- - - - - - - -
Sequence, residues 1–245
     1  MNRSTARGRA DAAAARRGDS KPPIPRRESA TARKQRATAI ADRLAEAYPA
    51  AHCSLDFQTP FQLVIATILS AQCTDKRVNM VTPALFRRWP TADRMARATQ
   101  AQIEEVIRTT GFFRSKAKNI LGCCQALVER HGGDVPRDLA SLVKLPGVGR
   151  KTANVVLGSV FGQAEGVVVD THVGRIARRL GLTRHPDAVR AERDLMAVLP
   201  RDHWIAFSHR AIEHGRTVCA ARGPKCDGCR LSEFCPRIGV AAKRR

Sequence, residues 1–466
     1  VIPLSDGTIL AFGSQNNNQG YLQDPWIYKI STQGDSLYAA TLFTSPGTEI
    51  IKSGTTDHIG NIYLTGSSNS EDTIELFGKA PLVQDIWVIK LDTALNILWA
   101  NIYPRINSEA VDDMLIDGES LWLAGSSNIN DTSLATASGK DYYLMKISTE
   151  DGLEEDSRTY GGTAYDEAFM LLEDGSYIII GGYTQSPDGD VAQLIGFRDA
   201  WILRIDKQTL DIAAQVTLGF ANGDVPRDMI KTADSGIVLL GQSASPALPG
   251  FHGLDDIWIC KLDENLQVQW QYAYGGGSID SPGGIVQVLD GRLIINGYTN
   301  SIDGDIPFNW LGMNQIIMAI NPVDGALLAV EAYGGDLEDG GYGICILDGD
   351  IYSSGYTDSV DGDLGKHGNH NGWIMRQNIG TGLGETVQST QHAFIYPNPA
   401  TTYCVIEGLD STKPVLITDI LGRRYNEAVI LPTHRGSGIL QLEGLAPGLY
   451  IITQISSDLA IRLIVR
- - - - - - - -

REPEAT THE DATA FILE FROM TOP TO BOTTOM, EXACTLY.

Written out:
Sequence, residues 1–245
     1  MNRSTARGRA DAAAARRGDS KPPIPRRESA TARKQRATAI ADRLAEAYPA
    51  AHCSLDFQTP FQLVIATILS AQCTDKRVNM VTPALFRRWP TADRMARATQ
   101  AQIEEVIRTT GFFRSKAKNI LGCCQALVER HGGDVPRDLA SLVKLPGVGR
   151  KTANVVLGSV FGQAEGVVVD THVGRIARRL GLTRHPDAVR AERDLMAVLP
   201  RDHWIAFSHR AIEHGRTVCA ARGPKCDGCR LSEFCPRIGV AAKRR

Sequence, residues 1–466
     1  VIPLSDGTIL AFGSQNNNQG YLQDPWIYKI STQGDSLYAA TLFTSPGTEI
    51  IKSGTTDHIG NIYLTGSSNS EDTIELFGKA PLVQDIWVIK LDTALNILWA
   101  NIYPRINSEA VDDMLIDGES LWLAGSSNIN DTSLATASGK DYYLMKISTE
   151  DGLEEDSRTY GGTAYDEAFM LLEDGSYIII GGYTQSPDGD VAQLIGFRDA
   201  WILRIDKQTL DIAAQVTLGF ANGDVPRDMI KTADSGIVLL GQSASPALPG
   251  FHGLDDIWIC KLDENLQVQW QYAYGGGSID SPGGIVQVLD GRLIINGYTN
   301  SIDGDIPFNW LGMNQIIMAI NPVDGALLAV EAYGGDLEDG GYGICILDGD
   351  IYSSGYTDSV DGDLGKHGNH NGWIMRQNIG TGLGETVQST QHAFIYPNPA
   401  TTYCVIEGLD STKPVLITDI LGRRYNEAVI LPTHRGSGIL QLEGLAPGLY
   451  IITQISSDLA IRLIVR